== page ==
Film

LFF 2018: Allison Cameron Gray Talks ‘Young Adult’ And Ableism In The Film Industry

JAKE Yuzna’s short film Young Adult tells the story of a teenage girl (played by Allison Cameron Gray) with Cerebral Palsy who fights to connect with the boy (MacGregor Arney) she is attracted to.

Ahead of Young Adult’s screenings at the BFI London Film Festival (13 & 17 October), Close-up Culture’s James Prestridge caught up Allison for an honest chat about the film and her experiences in the film industry so far.


Q: What attracted you to the story in ‘Young Adult’ and to the character of Annie?

A: THE most obvious point of the story that intrigued me was the main characters and their different abilities.

I like that Jake Yuzna and Susannah Grace Williams (the writers) created the story with Annie chasing Greg instead of the guy pursuing the girl. This gave Annie more power as a character. I admire Annie’s drive. She allows herself to be vulnerable, following her heart and risking heartbreak.

Young Adult explores the common theme of everyone, the desire for love. People with different abilities also want love and are sexual beings. Few films or T.V. shows explore this. People with different abilities are often infantilised in the media. This is completely a false stereotype. I am not as sweet and innocent person as people assume. I can be a troublemaker if I want.

My Cerebral Palsy is not my defining quality. I wish the media would portray us in a truthful light.

Q: How did you find the shoot and performing with other talented young actors like MacGregor Arney (who plays Greg) and Skyler Davenport (Beth)?

A: THE production crew was professional and fun. We were all treated equally regardless of our different abilities. This was unusual since all too often people with different abilities are patronised. Hair, makeup (Christina Yu) and costume designer (Juliet Charnas) listened to our ideas and reflected it in their styling. The reassurance that physical accommodations were taken care of allowed me to focus on my acting.

MacGregor is excellent at conveying his emotions through his eyes. He was able to find his character and be Greg. Working with him was a pleasure.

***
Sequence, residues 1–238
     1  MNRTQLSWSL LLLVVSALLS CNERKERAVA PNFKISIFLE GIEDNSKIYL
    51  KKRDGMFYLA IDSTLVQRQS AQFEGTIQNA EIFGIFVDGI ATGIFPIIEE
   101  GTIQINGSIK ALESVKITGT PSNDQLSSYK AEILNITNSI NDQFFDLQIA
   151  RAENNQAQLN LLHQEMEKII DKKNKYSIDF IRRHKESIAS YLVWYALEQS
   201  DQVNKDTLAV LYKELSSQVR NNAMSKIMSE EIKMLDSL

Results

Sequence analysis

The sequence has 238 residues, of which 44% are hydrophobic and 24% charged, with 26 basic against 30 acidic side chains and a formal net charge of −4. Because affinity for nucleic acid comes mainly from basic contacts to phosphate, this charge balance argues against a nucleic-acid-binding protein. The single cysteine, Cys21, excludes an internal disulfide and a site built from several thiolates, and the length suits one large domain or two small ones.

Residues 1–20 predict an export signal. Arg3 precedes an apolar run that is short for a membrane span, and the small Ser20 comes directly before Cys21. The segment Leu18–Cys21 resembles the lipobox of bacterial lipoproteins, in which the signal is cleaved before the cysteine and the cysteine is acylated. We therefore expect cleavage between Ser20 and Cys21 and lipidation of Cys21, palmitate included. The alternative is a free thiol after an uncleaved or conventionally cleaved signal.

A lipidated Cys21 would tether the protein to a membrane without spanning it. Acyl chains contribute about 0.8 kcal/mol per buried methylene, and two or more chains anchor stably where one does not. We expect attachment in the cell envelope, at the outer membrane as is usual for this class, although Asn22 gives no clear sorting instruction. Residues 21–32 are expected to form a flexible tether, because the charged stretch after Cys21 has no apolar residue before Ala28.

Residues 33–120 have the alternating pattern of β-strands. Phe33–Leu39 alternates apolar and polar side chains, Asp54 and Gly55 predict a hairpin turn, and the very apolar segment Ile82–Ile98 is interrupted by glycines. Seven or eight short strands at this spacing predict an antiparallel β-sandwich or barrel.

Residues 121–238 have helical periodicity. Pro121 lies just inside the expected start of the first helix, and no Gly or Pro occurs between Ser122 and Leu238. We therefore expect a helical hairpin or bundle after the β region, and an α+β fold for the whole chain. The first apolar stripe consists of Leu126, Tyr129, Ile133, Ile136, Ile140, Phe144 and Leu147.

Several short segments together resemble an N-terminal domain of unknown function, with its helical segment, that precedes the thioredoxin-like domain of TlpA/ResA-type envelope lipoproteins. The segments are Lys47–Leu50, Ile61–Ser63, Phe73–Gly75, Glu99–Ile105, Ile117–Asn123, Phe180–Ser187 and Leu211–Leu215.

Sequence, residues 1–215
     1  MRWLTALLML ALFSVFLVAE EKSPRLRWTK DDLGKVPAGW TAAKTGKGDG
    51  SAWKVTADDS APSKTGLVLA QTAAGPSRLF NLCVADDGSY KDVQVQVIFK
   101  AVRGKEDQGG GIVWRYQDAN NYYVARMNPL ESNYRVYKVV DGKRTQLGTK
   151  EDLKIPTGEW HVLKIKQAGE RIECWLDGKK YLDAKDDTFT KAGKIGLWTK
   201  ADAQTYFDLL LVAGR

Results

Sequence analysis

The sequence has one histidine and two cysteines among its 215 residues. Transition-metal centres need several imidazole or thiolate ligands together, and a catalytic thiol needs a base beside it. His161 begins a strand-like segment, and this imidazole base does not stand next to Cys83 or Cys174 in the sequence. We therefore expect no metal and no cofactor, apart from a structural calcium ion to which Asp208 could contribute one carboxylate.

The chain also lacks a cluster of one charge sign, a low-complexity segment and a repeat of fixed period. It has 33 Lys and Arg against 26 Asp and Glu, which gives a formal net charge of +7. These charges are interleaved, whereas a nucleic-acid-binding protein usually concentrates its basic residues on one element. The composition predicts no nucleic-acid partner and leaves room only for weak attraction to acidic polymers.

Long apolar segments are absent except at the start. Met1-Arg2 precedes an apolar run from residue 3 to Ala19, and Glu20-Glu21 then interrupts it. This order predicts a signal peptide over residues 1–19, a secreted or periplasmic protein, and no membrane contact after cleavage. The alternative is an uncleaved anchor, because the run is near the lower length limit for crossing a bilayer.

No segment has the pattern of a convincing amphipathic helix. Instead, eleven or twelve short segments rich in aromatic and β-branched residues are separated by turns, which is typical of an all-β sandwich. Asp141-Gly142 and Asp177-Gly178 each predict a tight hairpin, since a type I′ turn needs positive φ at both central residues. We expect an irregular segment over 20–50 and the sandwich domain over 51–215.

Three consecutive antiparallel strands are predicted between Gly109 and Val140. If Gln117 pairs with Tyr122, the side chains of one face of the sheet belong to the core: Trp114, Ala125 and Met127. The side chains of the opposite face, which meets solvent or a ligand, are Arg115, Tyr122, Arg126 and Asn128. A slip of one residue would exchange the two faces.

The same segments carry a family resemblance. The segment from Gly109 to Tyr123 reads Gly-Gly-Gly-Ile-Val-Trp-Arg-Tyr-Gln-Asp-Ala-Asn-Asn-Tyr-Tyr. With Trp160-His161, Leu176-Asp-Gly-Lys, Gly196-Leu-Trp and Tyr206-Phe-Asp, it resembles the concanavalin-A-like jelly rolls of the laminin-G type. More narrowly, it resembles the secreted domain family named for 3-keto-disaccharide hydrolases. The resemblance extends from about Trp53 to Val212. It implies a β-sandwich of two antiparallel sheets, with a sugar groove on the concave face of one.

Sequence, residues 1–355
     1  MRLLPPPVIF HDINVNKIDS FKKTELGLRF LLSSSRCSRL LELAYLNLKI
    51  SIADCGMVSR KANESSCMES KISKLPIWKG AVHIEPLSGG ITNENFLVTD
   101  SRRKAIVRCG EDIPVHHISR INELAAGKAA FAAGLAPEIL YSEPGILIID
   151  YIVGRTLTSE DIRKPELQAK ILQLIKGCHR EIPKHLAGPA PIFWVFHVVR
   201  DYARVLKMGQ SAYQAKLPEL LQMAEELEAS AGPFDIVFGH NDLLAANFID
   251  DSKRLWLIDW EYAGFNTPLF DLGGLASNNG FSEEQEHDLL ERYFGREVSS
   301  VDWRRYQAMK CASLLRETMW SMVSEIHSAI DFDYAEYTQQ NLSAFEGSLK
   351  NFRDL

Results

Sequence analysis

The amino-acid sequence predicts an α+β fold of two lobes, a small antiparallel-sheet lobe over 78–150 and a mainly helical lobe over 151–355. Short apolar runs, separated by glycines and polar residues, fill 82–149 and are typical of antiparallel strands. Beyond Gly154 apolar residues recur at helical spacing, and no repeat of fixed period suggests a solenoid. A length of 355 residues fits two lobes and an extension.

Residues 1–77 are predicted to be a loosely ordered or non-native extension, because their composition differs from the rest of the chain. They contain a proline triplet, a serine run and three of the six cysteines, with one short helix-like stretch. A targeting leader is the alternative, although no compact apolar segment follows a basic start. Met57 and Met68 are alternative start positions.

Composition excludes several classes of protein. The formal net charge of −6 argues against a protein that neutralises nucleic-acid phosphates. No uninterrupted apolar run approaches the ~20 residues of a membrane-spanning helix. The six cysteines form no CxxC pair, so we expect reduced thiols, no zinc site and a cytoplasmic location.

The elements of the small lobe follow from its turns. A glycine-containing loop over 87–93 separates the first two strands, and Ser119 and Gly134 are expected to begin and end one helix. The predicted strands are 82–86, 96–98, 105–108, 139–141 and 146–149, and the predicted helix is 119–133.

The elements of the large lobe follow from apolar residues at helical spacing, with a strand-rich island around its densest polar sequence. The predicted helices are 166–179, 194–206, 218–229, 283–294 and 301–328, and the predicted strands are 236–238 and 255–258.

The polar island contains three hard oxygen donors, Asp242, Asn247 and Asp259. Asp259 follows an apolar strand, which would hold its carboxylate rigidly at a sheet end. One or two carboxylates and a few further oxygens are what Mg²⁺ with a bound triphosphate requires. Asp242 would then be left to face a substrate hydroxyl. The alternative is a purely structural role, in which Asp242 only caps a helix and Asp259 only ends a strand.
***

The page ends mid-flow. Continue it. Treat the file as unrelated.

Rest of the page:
Skyler is very sincere and compassionate both on and off camera. You see that in Beth. This made it easy to capture the relationship between Beth and Annie on camera. Jamie Jung (Kyle) and Maelina Gibson (Nakeisha) did a wonderful job reacting to teenagers who kept throwing challenges their way.

Q: Director Jake Yuzna is a fiercely intelligent person and knows film better than most. What was he like to work with?

A: JAKE is the type of director an actor dreams of working with. He listens to us, trusts us and isn’t afraid to let us try different things. The process was a true collaboration.

Working with him doesn’t feel like work. It feels like playing. Jake’s openness was felt throughout the set. There were small changes needed to be made to the script to accommodate me. He did it with ease. Jake also recognised I need some help behind the scenes and made sure there was someone on set to assist me. I would enjoy working with Jake again, anytime, anywhere.

allison

Q: As an actor with a different ability, what are the challenges facing you?

A: THE biggest challenge for me is that I don’t sound like everyone when I talk. My words are slurred all the time. It’s one of my biggest insecurities. I have accepted not everyone wants to take the extra time to understand me but luckily most people do. When doing stand-up, I usually thank the audience for drinking so much so they can speak like me.